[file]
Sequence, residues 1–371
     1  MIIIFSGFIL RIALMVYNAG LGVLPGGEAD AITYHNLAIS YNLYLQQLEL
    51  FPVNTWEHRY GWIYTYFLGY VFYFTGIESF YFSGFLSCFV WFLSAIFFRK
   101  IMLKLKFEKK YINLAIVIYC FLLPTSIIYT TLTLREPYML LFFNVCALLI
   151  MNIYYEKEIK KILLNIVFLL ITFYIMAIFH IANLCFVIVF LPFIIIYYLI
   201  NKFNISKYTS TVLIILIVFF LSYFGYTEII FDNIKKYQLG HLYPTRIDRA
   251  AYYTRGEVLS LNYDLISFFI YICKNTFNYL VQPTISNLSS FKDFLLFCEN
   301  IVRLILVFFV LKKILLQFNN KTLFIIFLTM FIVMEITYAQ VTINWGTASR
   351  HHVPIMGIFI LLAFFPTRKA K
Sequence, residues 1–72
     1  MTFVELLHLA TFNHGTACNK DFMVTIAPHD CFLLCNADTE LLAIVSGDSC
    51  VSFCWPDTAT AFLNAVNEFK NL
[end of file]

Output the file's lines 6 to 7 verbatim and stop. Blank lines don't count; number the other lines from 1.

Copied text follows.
   201  NKFNISKYTS TVLIILIVFF LSYFGYTEII FDNIKKYQLG HLYPTRIDRA
   251  AYYTRGEVLS LNYDLISFFI YICKNTFNYL VQPTISNLSS FKDFLLFCEN